Bald EaglegovFrom a lifetime of experiences, and reading nature books since childhood, it’s true that I should know a little more about wildlife than the average Joe, but I lay no claim to being an expert. Learning something new is a principal reason for reading books, and of late, I’ve had occasion to indulge in several excellent Adirondack-related titles written between 1840 and 1920.

In one of them, a particular passage caused me to stop, backtrack, read it again, and then one more time in disbelief. Since other animal behavior described in the book held true, I supposed this one should as well, but I had reservations. Above all, one thing was certain: confirmation would be hilarious, at least to my thinking. The claim was that bald eagles snore. And not only that: they snore LOUDLY.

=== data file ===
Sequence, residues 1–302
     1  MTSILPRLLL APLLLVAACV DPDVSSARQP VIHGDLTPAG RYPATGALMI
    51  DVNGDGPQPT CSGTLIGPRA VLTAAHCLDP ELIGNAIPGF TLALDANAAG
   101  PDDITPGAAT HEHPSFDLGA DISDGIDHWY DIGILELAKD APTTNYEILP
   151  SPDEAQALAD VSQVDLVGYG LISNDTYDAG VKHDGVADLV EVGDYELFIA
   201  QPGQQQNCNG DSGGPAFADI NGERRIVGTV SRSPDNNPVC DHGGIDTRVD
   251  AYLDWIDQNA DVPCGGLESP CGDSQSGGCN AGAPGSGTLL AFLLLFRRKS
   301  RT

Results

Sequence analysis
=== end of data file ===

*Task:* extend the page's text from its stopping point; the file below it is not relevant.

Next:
On camping trips I’ve taken in the woods over the years, odd and unusual night sounds have proved puzzling, and even intimidating at times. A snorting, growling sound, persistent for hours during a trip 30 years ago, somewhere on the eastern slopes of Lyon Mountain, would have scared me half to death had I been alone. » Continue Reading.